Brent crude futures were trading close to $70 per barrel, while the U.S. West Texas Intermediate crude futures were hovering around $64.50 per barrel. The last time both benchmarks hit those levels was in December 2014.
The world was a much different place back then: China had just overtaken the U.S. as the world's largest economy by one measure, threats from ISIS were on the rise, and bitcoin — already highly volatile back then — tumbled by 58 percent.
CNBC looks at what happened globally around the time oil prices were at current levels in 2014:
In October 2014, the Chinese economy topped the American one in terms of purchasing power parity, according to IMF data. By that measure, the size of the Chinese economy estimated at around $17.6 trillion at the time — just slightly ahead of the U.S.' $17.4 trillion.
Three years later, China's economy jumped to $25.1 trillion by the PPP measure, while the U.S.'s grew to $20.2 trillion, according to the IMF's World Economic Outlook report in October 2017.
Donald Trump spent 2014 contemplating the possibility of running for the White House. At the same time, he was busy posting on Twitter on topics ranging from calling for the impeachment of then-President Barack Obama to motivational quotes. Here are some of his tweets:
Brent crude futures last traded at roughly Monday's levels on Dec. 2, 2014, while the WTI crude futures last reached current levels on Dec. 5, 2014.
In the weekend that followed, Dec. 6 and 7, the movie "The Hunger Games: Mockingjay Part 1" topped the global box office by taking in $22 million worldwide, according to an online database run by IMDb. "Penguins of Madagascar" was a distant second at $10.9 million of gross earnings that weekend.
Neither film was nominated for an Academy Award.
The 2014 protest, dubbed the "Umbrella Revolution" as student activists used umbrellas to protect themselves from police pepper stray, erupted over mounting frustrations about Beijing's meddling in Hong Kong politics. Protesters were unhappy that China would pre-approve candidates for the elections of a new chief executive — the head of government in Hong Kong — in 2017.
The movement started on Sept. 28, 2014 and, at its peak, rallies drew more than 100,000 attendees and protesters occupied central areas such as Mong Kok and Admiralty — bringing traffic into those sites to a halt.
Clashes between protesters and the police escalated and the movement fell in the middle of December 2014 after police moved in to clear the last of the protest sites.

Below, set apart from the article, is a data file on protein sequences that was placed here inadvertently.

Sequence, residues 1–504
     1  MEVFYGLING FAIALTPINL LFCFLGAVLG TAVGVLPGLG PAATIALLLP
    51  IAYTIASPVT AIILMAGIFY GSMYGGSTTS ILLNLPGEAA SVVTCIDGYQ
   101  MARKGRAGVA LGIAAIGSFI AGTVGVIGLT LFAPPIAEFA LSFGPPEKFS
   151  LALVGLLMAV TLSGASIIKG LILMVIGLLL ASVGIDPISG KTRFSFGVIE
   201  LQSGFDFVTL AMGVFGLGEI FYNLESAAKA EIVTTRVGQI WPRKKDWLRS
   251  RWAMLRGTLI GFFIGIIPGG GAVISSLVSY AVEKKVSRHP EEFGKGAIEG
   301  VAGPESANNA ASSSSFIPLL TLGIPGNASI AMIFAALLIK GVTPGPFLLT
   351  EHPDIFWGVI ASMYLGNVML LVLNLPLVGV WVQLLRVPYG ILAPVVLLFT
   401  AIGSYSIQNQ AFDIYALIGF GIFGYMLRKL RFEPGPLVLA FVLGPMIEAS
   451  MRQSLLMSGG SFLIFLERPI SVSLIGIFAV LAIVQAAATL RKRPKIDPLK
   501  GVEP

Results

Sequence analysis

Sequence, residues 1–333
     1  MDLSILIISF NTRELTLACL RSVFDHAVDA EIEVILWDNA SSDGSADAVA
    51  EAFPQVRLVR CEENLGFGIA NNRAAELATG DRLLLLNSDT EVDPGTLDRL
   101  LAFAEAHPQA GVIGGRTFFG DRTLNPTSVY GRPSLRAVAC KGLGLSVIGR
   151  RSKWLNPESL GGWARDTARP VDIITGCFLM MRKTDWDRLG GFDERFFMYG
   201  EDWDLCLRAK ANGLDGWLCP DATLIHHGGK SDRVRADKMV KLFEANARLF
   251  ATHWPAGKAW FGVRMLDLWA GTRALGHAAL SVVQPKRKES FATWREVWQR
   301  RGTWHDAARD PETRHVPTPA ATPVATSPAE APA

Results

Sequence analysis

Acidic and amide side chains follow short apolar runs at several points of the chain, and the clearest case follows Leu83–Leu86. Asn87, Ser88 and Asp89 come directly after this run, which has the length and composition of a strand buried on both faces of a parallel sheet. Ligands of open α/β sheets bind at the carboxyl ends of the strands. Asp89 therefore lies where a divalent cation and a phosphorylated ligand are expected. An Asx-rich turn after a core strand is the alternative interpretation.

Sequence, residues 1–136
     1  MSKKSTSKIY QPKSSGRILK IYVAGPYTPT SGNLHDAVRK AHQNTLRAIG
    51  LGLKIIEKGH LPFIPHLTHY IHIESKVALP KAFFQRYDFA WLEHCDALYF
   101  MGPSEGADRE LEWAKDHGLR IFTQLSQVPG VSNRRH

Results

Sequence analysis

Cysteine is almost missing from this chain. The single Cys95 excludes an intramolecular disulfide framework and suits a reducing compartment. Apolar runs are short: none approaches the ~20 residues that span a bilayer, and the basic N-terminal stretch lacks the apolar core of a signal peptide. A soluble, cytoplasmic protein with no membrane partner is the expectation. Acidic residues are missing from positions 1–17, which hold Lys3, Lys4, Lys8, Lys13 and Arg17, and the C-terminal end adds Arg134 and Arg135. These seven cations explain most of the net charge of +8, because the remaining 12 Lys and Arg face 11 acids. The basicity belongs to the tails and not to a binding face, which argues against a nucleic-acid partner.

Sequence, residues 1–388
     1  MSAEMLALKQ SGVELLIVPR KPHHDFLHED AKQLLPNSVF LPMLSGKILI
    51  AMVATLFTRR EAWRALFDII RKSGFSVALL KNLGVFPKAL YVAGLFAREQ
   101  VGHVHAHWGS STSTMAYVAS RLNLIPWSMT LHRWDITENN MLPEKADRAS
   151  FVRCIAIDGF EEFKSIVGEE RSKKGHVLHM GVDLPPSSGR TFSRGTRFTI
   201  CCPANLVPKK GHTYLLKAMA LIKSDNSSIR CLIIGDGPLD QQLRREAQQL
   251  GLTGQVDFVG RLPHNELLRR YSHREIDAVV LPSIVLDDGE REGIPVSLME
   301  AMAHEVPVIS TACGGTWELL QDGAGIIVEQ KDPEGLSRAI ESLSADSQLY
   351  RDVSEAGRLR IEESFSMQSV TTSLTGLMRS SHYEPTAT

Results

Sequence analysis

By December 2014, the jihadist group controlled large swathes of territory in Syria and Iraq. In June of that year it had adopted the name "Islamic State" to reflect its ambitions to expand beyond the two countries. The group would later add parts of Nigeria, Pakistan and Egypt to its territory.
The year 2014 also saw the U.S. launching its first airstrikes against the group. The U.S. and its Arab allies bombed Syria in September that year, killing at least 70 Islamic State fighters during the first strikes.
Bitcoin came into the limelight at the end of 2013 when its price rose above $1,000. But 2014 was a rough period for the cryptocurrency: It plunged 58 percent during that time to close the year at $319.70, according to Coindesk's Bitcoin Price Index, which tracks prices from major digital currency exchanges.
Notable developments around that time in the cryptocurrency space included Microsoft's acceptance of bitcoin as a form of payment, joining the likes of PayPal, Dell and Expedia.
Volatility in the price of bitcoin slowed down the public's acceptance of cryptocurrencies. But bitcoin would later stage a comeback to trade above $19,000 — its all-time high thus far — in December 2017.
Scotland's new law on same-sex marriages came into effect in December 2014. The legislation allowed civil partnerships to be converted to marriages, and was used for the first time by Douglas Pretsell from Edinburgh and his Australian partner Peter Gloster, the BBC reported.
The law came about after a 2014 survey revealed that 68 percent of Scots agreed that same-sex couples should have the right to marry, compared to 41 percent who thought the same in 2002.